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Plant-based meat sales increase when sold in meat department

Plant Based Foods Assn. PBFA plant-based meat.jpg
Plant-based meat alternatives seeing gains, but meat sales still hold majority of market share.

The Plant Based Foods Association (PBFA), a trade association representing 170 plant-based food companies, and Kroger, the largest grocery retailer in America, found that plant-based meat sales increased by 23% when those items were sold in the meat department.

This ground-breaking study, which placed all plant-based meat in a three-foot set within the meat department, ran for 12 weeks from December 2019 through February 2020. The 60 test stores spanned three states: Colorado, Indiana, and Illinois.

In the Midwest region, where more flexitarians are emerging, plant-based meat sales were up 32% during the test period. In the Denver area, which already had a high concentration of plant-based consumers, the test also showed impressive results, with plant-based meat sales up 13%.

“This research proves that it is important for retailers to place plant-based meat where shoppers expect to find it: in the meat department,” said Julie Emmett, senior director of retail partnerships at the PBFA. “Other retailers are sure to make this change with this new data in hand.”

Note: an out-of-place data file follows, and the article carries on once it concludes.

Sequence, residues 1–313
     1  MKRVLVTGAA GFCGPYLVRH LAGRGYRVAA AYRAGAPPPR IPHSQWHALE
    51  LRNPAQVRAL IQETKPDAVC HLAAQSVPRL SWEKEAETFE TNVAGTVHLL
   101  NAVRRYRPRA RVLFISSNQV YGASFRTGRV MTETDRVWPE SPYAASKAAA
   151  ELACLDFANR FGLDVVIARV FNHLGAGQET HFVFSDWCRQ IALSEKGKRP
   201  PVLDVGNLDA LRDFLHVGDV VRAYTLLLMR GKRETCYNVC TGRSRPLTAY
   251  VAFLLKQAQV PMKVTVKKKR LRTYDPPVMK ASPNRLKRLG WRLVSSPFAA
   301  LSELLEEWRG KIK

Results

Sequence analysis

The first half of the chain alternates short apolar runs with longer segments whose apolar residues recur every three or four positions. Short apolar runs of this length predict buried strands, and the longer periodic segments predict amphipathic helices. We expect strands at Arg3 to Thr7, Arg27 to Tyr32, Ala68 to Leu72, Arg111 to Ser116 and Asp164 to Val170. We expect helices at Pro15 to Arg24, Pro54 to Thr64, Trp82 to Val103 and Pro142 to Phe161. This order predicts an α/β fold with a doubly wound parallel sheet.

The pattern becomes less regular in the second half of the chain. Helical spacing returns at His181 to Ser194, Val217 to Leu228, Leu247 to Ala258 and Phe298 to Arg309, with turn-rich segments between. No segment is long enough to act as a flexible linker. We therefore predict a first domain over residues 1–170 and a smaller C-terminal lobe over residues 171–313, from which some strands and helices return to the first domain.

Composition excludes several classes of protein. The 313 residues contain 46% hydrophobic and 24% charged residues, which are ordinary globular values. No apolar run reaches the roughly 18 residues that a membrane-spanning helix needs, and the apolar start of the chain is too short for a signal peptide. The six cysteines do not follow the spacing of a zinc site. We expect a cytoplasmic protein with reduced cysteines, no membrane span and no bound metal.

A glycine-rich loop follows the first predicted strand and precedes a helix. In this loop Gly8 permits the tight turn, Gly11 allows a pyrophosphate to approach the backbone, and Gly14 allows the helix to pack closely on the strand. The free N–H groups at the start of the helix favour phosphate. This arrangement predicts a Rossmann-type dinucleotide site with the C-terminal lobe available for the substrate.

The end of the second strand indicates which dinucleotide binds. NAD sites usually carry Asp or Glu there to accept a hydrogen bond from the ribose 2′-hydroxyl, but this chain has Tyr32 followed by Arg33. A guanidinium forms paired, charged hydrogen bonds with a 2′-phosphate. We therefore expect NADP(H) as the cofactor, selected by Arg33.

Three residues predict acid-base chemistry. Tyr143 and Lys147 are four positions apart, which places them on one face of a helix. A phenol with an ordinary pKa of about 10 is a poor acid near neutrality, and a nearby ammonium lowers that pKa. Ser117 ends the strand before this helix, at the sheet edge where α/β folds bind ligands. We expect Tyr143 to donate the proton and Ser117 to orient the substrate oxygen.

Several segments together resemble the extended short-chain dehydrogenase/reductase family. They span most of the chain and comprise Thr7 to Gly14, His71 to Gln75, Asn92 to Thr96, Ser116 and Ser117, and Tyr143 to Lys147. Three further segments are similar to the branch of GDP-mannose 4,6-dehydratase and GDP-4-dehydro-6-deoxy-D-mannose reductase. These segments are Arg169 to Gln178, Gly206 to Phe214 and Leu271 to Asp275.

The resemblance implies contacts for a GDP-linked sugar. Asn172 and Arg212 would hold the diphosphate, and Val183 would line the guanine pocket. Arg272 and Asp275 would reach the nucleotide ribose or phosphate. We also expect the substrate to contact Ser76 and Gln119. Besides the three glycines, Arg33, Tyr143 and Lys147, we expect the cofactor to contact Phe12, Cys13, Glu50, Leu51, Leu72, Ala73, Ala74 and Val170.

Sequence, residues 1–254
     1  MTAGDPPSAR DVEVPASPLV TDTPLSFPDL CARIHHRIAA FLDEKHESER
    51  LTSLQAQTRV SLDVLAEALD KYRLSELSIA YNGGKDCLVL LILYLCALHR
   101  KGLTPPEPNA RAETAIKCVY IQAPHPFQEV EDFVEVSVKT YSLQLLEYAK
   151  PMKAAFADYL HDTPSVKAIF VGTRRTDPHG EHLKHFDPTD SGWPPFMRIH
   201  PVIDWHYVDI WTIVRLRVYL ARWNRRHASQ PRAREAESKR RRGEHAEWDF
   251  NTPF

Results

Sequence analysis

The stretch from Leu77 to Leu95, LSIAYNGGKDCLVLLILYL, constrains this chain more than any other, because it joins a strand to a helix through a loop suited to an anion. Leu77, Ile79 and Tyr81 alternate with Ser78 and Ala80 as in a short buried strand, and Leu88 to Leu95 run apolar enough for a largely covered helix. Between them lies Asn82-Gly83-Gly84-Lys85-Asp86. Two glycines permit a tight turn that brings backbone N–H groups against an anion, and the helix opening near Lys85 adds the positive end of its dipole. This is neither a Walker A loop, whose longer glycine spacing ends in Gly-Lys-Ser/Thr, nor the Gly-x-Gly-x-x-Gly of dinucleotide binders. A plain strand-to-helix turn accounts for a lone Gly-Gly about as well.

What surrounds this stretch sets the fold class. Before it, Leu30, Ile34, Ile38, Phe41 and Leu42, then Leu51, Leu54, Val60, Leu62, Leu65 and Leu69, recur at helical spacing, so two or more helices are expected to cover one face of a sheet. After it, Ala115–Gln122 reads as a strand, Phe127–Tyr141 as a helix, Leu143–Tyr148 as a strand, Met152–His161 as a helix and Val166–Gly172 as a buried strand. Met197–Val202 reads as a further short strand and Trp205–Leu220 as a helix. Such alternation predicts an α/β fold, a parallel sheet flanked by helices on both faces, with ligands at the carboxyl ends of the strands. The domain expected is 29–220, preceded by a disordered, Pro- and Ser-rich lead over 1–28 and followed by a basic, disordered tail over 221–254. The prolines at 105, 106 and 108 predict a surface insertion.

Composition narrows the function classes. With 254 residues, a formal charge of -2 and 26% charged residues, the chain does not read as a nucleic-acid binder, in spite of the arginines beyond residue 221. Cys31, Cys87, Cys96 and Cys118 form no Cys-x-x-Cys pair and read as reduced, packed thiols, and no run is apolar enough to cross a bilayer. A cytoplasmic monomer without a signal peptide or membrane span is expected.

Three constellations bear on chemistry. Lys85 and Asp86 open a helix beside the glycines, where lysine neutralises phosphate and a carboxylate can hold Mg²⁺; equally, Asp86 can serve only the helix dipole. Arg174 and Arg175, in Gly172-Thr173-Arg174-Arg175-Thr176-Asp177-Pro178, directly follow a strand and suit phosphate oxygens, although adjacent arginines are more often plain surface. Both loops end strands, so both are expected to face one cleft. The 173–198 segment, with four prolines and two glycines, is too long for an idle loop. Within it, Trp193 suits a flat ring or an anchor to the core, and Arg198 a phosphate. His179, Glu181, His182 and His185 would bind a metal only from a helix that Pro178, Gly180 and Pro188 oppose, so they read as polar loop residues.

She continued, “The increase in sales in the Midwest demonstrates there is tremendous opportunity for plant-based meats to succeed everywhere, including in the nation’s heartland.”

Sean Brislin, merchandising director of Kroger, said the test provided one more proof point that plant-based meats have moved from niche to mainstream.

“Kroger continues to experience double-digit growth in the plant-based category, and this test demonstrates the viability of shifting product placements to reach even more customers,” he said. “We thank the Plant Based Foods Association for partnering with us on this insightful merchandising research project.”

The research included sales analysis, shopper interviews and emails, education for store personnel, and audits. The test was conducted in partnership with Kroger’s data analytics subsidiary, 84.51°.

Common interview responses from shoppers included how “excited and impressed” they were about the many options within the new set. Nearly all shoppers presumed the plant-based meats would be in the meat department near their animal-based meat counterpart, explaining that the tests made plant-based alternatives easier to find and purchase.

Current plant-based meat trends

Despite recent changes in the food industry resulting from COVID-19, the latest data from Kroger indicates that plant-based meat sales remain strong.

From March to June 2020, Kroger increased its plant-based meat customer count by more than 50% compared to last year at this time. In addition, customers purchased more often and in greater quantities than before, which led to sales growth of more than 75% during this time.

Kroger’s trends mirror the total U.S. plant-based food showing plant-based meat sales growing 61% post panic buying through the end of April.